Gert J.D. Bergman, MSc; Jan C. Winters, PhD, MD; Klaas H. Groenier, MSc; Jan J.M. Pool; Betty Meyboom-de Jong, PhD, MD; Klaas Postema, PhD, MD; Geert J.M.G. van der Heijden, PhD
Note: This trial is being registered in the International Standard Randomised Controlled Trial Number (ISRCTN) Register. The ISRCTN was not available before publication of this article.
Acknowledgments: The authors thank Jettie Nomden and Anton Slagers for assistance with data collection and Juliet Foster for editing the manuscript. They also thank the participating manual therapists, general practitioners, and patients.
Grant Support: By Netherlands Organization for Scientific Research (904-65-901) and Foundation De Drie Lichten.
Potential Financial Conflicts of Interest: None disclosed.
Requests for Single Reprints: Gert J.D. Bergman, MSc, Department of General Practice, University of Groningen, PO Box 196, 9700 AD Groningen, the Netherlands; e-mail, email@example.com.
Current Author Addresses: Mr. Bergman, Mr. Groenier, and Dr. Meyboom-de Jong: Department of General Practice, University of Groningen, PO Box 196, 9700 AD Groningen, the Netherlands.
Dr. Winters: Nieuwe Schoolweg 2a, 9756 BB Glimmen, the Netherlands.
Mr. Pool: Institute for Research in Extramural Medicine, Vrije Universiteit Medical Center Amsterdam, Van der Boechorststraat 5, 1081 BT Amsterdam, the Netherlands.
Dr. Postema: Center for Rehabilitation, University Hospital of Groningen, Hanzeplein 1, PO Box 30.001, 9700 RB Groningen, the Netherlands.
Dr. van der Heijden: Julius Center for Health Sciences and Primary Care, University Medical Center Utrecht (Str. 6.131), PO Box 85500, 3508 GA Utrecht, the Netherlands.
Author Contributions: Conception and design: G.J.D. Bergman, J.C. Winters, B. Meyboom-de Jong, K. Postema, G.J.M.G. van der Heijden.
Analysis and interpretation of the data: G.J.D. Bergman, G.J.M.G. van der Heijden.
Drafting of the article: G.J.D. Bergman.
Critical revision of the article for important intellectual content: J.C. Winters, K.H. Groenier, J.J.M. Pool, B. Meyboom-de Jong, K. Postema, G.J.M.G. van der Heijden.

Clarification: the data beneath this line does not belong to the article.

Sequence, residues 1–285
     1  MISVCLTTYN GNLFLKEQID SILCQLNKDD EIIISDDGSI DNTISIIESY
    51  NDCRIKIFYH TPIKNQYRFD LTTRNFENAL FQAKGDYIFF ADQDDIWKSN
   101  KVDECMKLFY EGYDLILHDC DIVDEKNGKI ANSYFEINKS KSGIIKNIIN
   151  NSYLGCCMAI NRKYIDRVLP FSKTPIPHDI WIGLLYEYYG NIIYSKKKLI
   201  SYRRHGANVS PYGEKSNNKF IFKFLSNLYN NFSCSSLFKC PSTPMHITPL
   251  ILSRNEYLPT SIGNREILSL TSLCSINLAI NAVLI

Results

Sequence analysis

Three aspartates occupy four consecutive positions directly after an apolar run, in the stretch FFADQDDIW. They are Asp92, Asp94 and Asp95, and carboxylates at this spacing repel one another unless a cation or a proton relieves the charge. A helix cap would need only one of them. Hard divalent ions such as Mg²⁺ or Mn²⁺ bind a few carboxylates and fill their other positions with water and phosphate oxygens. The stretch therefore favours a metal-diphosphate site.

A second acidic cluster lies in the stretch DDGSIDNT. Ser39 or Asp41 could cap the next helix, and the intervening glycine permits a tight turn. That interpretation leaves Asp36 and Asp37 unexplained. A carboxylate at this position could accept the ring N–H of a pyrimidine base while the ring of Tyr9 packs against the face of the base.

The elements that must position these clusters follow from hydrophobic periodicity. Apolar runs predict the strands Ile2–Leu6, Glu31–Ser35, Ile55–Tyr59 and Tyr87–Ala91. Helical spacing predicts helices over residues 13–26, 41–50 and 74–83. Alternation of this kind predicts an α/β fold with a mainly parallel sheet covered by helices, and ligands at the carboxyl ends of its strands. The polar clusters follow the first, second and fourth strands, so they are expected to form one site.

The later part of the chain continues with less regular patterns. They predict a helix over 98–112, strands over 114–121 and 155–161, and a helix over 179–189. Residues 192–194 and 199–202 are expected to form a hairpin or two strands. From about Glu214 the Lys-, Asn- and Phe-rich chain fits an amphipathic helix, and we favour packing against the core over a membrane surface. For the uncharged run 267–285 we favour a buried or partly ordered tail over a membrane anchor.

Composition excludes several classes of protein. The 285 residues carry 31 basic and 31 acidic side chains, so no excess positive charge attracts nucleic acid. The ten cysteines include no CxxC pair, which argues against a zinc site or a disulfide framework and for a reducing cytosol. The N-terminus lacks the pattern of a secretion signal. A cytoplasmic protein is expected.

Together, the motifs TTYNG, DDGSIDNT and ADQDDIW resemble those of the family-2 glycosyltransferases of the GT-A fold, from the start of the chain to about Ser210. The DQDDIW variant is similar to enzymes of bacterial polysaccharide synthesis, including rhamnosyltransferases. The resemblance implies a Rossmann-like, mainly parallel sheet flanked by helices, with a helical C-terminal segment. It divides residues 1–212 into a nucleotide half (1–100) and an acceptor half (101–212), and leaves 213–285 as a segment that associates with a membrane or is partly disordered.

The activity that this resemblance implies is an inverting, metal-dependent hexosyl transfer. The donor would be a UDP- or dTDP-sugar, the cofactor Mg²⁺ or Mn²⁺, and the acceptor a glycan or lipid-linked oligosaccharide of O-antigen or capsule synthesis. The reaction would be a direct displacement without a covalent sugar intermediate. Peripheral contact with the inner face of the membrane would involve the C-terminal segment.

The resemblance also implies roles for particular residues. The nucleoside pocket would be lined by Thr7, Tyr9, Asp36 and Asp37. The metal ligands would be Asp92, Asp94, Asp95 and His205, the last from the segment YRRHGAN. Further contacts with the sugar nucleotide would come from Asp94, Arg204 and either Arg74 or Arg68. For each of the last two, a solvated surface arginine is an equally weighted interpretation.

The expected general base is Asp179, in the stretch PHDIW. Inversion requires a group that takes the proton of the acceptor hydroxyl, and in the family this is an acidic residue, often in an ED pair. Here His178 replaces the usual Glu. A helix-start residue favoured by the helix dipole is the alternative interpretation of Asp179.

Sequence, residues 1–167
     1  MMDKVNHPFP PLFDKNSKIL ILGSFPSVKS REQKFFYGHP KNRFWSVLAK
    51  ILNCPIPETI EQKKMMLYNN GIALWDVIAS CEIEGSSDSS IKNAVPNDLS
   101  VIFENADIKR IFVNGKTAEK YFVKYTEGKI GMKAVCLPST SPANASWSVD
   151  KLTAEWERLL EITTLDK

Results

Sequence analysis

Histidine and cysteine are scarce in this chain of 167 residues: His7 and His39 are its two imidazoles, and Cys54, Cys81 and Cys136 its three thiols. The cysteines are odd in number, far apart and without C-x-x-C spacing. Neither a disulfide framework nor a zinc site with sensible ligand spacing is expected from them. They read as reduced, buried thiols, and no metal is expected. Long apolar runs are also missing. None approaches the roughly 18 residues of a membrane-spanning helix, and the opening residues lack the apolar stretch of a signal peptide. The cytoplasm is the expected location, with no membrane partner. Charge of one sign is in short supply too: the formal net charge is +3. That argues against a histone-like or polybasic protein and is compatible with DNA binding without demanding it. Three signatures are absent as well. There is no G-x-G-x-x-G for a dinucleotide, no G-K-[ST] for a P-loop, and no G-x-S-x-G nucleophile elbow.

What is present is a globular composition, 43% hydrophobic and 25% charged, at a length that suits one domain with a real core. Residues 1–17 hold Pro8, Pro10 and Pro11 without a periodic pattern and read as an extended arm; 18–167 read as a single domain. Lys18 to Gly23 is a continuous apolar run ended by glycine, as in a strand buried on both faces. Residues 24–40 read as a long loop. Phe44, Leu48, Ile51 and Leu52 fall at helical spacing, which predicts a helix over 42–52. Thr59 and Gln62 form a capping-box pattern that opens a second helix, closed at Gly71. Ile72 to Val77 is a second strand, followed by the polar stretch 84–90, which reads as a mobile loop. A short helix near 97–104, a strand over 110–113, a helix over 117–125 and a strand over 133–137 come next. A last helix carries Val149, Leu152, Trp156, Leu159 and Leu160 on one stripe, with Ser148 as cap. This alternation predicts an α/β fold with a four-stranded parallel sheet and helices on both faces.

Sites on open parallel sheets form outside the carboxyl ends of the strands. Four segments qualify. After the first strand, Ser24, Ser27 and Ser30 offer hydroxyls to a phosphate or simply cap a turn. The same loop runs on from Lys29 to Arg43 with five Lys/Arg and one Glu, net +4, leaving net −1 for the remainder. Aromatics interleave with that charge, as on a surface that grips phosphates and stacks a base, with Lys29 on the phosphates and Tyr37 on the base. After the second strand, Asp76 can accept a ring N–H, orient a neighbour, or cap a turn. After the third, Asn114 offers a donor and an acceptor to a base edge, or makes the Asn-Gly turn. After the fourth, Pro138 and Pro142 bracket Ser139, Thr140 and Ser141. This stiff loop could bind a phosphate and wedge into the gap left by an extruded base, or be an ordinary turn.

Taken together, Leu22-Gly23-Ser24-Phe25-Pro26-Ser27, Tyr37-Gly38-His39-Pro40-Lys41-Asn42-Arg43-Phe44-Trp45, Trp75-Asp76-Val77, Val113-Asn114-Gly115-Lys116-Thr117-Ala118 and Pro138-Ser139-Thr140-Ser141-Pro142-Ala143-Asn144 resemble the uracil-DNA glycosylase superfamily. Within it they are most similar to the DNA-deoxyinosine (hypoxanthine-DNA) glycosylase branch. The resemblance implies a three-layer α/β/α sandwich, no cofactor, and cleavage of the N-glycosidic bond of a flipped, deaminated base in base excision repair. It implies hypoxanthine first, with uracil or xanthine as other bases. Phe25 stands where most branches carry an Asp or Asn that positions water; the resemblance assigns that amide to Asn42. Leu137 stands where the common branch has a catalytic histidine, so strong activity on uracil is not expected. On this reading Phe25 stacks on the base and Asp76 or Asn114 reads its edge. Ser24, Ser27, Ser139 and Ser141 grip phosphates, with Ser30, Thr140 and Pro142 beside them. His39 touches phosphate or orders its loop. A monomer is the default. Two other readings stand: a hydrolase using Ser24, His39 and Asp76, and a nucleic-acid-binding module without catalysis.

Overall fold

Final approval of the article: J.J.M. Pool, B. Meyboom-de Jong, K. Postema, G.J.M.G. van der Heijden.
Provision of study materials or patients: J.C. Winters.
Statistical expertise: K.H. Groenier, G.J.M.G. van der Heijden.
Obtaining of funding: J.C. Winters, G.J.M.G. van der Heijden.
Collection and assembly of data: G.J.D. Bergman.
Bergman GJ, Winters JC, Groenier KH, Pool JJ, Jong BM, Postema K, et al. Manipulative Therapy in Addition to Usual Medical Care for Patients with Shoulder Dysfunction and Pain: A Randomized, Controlled Trial. Ann Intern Med. 2004;141:432-439. doi: 10.7326/0003-4819-141-6-200409210-00008
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Published: Ann Intern Med. 2004;141(6):432-439.
Shoulder pain in the absence of trauma, fracture, rupture, or dislocation can lead to substantial functional limitations and can be a difficult condition to treat.
In this randomized, controlled trial, patients with shoulder pain and shoulder girdle dysfunction assigned to receive manipulative therapy in addition to usual general practitioner care had more rapid improvement in symptoms and fewer shoulder symptoms at 12 weeks than patients assigned to usual care alone.
Manipulative therapy appears to be an effective treatment option for patients with shoulder pain and shoulder girdle dysfunction that are not due to trauma, fracture, rupture, or dislocation.
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